A 1978 stage musical by librettists Larry L. King and Peter Masterson and songwriter Carol Hall, The Best Little Whorehouse In Texas ran on Broadway until March 1982, and then staged a return engagement a few months later which ran until July, the same month its film adaptation was released. The film version, directed by Colin Higgins, starred Burt Reynolds, Dolly Parton, Jim Nabors, and Charles Durning as the Governor of Texas, and had several extra songs performed and written by Dolly Parton, including "I Will Always Love You."
Mona Stangley is the owner of the Chicken Ranch, a brothel which has been open for business for a century. She is on good terms with Sheriff Ed Dodd, with whom she once had an affair. Unforturnately, their good times are disrupted by Moralist Reporter Melvin P. Thorpe, who brands the Chicken Ranch "The Devil's Den." When Thorpe acts to try to shutdown the Chicken Ranch, Stangley and Dodd must take action.
This show features examples of:
- Blatant Lies: the senator who was paying for the Aggie Thanksgiving party at the Chicken Ranch, who was caught along with the football players with one of the Chicken Ranch girls, claims that he has no memory of going there and that he must have been drugged by Communist agents.
- Cover Innocent Eyes and Ears: A mother is shown covering her child's ears during the "Texas Has a Whorehouse in it" number.
- Downer Ending: The play ends with the whorehouse being shut down, the Sheriff and Mona not getting together (since there is only implied to be a past series of flings between the two) and Mona singing the downer song "One Way Ticket to Nowhere".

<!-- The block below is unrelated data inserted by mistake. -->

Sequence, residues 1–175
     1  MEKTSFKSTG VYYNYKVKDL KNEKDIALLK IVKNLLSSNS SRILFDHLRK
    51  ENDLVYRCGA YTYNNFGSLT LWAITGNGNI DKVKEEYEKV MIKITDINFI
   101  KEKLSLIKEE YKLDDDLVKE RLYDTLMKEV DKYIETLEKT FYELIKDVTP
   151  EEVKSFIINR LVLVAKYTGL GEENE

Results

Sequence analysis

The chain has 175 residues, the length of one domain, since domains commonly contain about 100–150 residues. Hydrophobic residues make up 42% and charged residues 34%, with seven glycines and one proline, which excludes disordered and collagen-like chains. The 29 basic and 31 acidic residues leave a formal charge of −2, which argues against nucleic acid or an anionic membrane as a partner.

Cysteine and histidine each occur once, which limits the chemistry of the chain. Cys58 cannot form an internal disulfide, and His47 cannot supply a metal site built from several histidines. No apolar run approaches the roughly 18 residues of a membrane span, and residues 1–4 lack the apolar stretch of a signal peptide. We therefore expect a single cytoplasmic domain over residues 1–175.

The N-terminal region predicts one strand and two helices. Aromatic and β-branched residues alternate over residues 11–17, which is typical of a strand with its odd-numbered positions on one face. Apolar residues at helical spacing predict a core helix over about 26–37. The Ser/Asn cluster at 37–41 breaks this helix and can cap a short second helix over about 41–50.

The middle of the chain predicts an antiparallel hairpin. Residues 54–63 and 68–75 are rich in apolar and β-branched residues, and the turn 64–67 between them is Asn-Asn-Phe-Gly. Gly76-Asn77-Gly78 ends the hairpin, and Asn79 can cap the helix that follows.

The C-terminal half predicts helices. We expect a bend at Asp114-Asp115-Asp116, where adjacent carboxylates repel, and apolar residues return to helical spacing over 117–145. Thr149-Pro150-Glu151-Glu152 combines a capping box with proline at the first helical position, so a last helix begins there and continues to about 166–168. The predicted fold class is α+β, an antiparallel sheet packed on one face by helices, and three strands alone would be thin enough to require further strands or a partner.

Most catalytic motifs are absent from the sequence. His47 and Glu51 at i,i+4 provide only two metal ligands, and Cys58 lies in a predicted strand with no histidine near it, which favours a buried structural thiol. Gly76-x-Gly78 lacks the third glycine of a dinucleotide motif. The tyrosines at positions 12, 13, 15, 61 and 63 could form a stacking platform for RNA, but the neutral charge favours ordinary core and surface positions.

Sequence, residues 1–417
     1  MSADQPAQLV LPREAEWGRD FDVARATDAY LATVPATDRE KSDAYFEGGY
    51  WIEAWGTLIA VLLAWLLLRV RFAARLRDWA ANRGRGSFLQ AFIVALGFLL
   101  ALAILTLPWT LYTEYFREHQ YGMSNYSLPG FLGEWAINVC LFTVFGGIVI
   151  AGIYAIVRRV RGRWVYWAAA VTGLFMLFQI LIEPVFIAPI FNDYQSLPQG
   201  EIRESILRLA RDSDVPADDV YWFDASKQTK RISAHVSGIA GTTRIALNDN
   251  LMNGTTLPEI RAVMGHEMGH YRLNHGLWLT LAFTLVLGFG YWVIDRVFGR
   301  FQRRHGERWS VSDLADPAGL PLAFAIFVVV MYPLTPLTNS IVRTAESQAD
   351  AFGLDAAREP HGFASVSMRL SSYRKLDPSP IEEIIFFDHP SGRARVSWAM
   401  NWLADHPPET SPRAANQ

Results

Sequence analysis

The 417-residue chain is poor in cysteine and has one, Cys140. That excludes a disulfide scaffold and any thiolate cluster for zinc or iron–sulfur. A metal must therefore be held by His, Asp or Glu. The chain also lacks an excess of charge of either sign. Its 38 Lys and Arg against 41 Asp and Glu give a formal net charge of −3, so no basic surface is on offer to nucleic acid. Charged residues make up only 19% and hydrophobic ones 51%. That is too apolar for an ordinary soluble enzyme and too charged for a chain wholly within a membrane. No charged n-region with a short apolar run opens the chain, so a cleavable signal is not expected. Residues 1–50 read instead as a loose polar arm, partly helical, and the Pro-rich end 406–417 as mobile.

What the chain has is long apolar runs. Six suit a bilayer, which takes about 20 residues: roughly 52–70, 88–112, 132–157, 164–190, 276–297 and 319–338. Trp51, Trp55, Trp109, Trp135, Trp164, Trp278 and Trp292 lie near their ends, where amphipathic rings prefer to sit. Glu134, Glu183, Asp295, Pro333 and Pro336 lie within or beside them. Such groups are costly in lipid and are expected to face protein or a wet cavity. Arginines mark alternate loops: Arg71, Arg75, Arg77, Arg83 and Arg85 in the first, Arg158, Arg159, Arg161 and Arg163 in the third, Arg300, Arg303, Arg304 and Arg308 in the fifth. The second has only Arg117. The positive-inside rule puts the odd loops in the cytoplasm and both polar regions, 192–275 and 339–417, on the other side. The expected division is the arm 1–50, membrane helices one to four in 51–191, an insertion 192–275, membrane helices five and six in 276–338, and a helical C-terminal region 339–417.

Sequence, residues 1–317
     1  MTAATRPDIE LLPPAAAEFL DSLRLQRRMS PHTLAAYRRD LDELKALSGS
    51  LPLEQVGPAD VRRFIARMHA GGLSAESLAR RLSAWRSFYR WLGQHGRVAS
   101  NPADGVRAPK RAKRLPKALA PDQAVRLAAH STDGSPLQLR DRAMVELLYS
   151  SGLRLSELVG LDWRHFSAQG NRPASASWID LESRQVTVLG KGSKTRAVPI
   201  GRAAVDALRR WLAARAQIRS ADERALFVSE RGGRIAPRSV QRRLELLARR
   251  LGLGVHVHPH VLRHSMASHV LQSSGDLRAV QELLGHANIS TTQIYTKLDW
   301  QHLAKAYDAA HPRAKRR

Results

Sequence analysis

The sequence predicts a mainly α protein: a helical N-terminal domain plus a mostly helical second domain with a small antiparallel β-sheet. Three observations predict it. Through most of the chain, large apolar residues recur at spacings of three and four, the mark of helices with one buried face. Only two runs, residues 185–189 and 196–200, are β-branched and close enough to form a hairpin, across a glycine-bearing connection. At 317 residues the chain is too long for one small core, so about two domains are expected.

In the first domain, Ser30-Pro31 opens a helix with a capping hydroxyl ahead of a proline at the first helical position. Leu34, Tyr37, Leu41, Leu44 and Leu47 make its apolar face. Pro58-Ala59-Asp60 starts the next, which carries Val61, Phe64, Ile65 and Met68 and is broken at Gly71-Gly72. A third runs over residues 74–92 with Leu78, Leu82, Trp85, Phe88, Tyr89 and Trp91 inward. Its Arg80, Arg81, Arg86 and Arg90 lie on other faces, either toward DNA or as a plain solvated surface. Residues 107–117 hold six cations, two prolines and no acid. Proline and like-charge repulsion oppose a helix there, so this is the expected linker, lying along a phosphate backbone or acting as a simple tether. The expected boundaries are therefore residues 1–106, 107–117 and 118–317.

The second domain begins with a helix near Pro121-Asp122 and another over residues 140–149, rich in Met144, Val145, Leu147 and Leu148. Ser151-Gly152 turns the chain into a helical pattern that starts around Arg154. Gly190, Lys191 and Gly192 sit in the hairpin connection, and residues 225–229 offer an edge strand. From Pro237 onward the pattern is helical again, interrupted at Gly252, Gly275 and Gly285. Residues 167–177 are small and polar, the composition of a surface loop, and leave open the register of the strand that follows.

- Hooker with a Heart of Gold: Mona
- Hypocritical Humor: Thorpe is introduced talking about how he fights for "truth in advertising"...while putting on a girdle, shoulderpads, and a sock. He also mentions being originally from New Jersey despite his Southern drawl.
- Intentionally Awkward Title: Ads for the film version in some states had to alter the film's title.
- Interrupted Intimacy: Many instances, including one involving the governor.
- Miss Kitty: Mona
- Moral Guardians: Melvin P. Thorpe
- The Narrator: Deputy Fred.
- Of Corsets Sexy: Dolly Parton wears a lot of corseted outfits and looks damn sexy, too.
- Oh, Crap!: Thorpe gets one when Ed gives him a right hook after he insults the Chicken Ranch with Dodd behind him.
- The Power of Lust: This adaptation adds the incentive that the winners of a football match-up between the Longhorns versus the Aggies get to visit the Chicken Ranch, which is a brothel that used to take live poultry as payment during the Dust Bowl years.
- Scooby-Dooby Doors: The Governor does this, popping back and forth among some pillars, near the end of his "Sidestep" musical piece. In this case, it's the audience whom he's dodging rather than pursuers.
- Unresolved Sexual Tension: Mona and the Sheriff.
- Victory Sex: As an incentive in the intrastate rivalry between the Texas Longhorns and the Texas Agriculture And Markets Aggies, the winning team was feted at the Chicken Ranch, with the "fees" being paid by the team's booster clubs. Y'know, Win One for the Boner.
- Very Loosely Based on a True Story: The musical was inspired by the Chicken Ranch Brothel in La Grange, Texas. Various names were changed as the characters were dramatized, but the basic facts of the closure because of the investigative reporter were true. However, Thorpe's real life counterpart Marvin Zindler wasn't a moral crusader, but he did get attacked by the sheriff.